Sunday, March 4, 2012

Holi - A Festival of Colours : A History

 *** Disclaimer: Over time there have been various stories as to how it originated but I will be sticking to a more widely accepted one. If I have not followed the version you are familiar with or have hurt any sentiments, it was unintentional. I seriously hope I do not get chased down and coloured bad for not writing your version ;) No hard feeling right ? ;)

Most of the Indian festivals have a divine and mythological root and Holi is no exception. As always this story is again the triumph of good over evil and Holi is the celebration of this victory. 'Holi' however means 'burning' and its origin is very old. So, I will tell you with 2 stories both of different eras starting with the real one and later on to how it got the colourful front.

*** For those who arent interested in the history, kindly scroll down to the INVITATION section ***

Recommended Prerequisites for the story (TUD Style ;)): There are 3 main Gods according to the Hindu belief. Brahma - The Creator, Vishnu - The Preserver & Shiva  - The Destroyer. This story involves the first two namely Brahma and Vishnu. Now that we have fulfilled the prerequisites, lets begin the story :D

Once upon a time, there was a Demon (Asura) King named Hiranyakashyap who wanted to avenge the death of his brother by the hands of Vishnu (Gods and the Demons keep fighting always!!). So he decides to pray to Brahma for a boon which will enable him to defeat Vishnu. After years of penance, Brahma grants him a boon which almost makes him immortal.

He returns and forces his subjects to pray to him and not to the Gods. But to his disappointment, his son, Prahalad,  turns out to be a devoted follower of Vishnu. This enrages him and he decides to kill him but all efforts go fruitless. Finally he asks his sister Holika, who thanks to a boon was immune to fire, to carry the child and burn herself on a pyre. However, she did not know that her boon came with a conditions apply * and was applicable only if she was alone. So she was burnt to death while his son was unscathed from the fire who was saved by his devotion to Vishnu. Later, even the devil King Hiranyakashyap was killed by the hands of Vishnu but that is a different story.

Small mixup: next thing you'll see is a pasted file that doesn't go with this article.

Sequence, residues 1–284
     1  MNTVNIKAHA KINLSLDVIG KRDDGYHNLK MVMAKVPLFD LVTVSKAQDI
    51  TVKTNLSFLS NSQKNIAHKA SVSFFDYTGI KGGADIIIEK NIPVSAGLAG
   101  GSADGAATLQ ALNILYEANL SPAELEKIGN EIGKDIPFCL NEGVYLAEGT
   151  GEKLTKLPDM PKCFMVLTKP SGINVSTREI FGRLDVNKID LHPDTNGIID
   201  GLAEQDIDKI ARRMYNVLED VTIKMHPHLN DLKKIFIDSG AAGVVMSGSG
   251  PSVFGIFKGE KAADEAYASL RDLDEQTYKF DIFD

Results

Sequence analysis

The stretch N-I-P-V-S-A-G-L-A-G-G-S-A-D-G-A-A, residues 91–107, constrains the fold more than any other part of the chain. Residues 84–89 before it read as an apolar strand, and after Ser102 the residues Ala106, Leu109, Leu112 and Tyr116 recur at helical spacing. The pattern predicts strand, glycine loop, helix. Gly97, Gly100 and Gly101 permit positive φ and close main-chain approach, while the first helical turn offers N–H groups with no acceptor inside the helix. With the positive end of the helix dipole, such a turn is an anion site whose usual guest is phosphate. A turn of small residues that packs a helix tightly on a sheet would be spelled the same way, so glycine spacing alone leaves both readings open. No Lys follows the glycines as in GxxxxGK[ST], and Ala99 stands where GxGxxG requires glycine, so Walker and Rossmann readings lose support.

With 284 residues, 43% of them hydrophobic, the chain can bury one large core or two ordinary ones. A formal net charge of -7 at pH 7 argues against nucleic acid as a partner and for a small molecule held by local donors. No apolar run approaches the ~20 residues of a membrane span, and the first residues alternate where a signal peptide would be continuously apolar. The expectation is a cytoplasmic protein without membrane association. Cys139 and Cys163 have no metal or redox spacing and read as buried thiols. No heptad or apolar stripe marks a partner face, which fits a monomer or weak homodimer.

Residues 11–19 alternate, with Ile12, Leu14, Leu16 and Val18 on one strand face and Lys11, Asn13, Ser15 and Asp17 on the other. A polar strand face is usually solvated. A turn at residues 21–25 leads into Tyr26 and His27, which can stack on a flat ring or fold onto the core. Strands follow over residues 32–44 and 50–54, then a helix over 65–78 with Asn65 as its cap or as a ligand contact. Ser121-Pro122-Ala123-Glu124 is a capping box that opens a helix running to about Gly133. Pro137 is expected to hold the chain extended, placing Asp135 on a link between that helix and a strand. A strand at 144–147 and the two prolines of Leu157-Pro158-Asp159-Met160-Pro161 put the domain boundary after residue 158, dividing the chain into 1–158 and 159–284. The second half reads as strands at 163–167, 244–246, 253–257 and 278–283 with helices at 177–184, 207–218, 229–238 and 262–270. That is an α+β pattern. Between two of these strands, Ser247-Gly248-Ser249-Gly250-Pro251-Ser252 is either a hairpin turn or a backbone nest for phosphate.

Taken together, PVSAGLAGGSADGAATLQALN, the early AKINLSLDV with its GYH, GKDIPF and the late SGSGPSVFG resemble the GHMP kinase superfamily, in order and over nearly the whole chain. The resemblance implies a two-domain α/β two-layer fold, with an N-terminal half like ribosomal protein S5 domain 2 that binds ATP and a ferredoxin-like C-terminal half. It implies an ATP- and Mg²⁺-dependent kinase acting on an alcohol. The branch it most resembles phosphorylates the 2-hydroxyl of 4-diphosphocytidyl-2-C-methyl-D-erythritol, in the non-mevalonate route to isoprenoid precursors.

Holi celebrates the death of Holika symbolically evil. That is why on this day people have bonfires as a symbol of victory of good by the burning of evil.

Now you might wonder then why on this day we play with colours if the real story is celebrated by bonfires. That brings us to the age of another character named Krishna a reincarnation of Vishnu.

Krishna often asked his mother Yashoda as to why Radha (his childhood love) was so fair and he wasnt. To this his mother asked Krishna to apply colour on Radha's face and see how her complexion changes. This slowly became popular and went on to become a village ritual. It increased in popularity as Krishna went on to become a King and his involvement in so many stories to bring justice resulted in a large number of devotees who carried on this tradition of colour.

Since it is celebrated during the time of spring and harvest, it also became a way of celebration for the farmers at the prospect of properity and so burn their first batch of crops as a symbol of offering to Agni  (The God of Fire) and then use the rest for personal and other use.

Story is done and now to the most important part.


We the students of Indian Student's Association (ISA) will be celebrating Holi this year on the Campus of TU Delft on the 11th of March 2012. So do come join us and let us celebrate together the setting in of Spring with colours, Indian snacks, Drinks (alcoholic as well as non-alcoholic) and not forgetting the all important music with a DJ.
The location is the park opposite the Sports Center from 12:00 to 15:00 hours.
So do save it in your schedules and dont forget to bring your friends too.

For more information and updates, please check:   

PS: Please wear your finest clothes ;)

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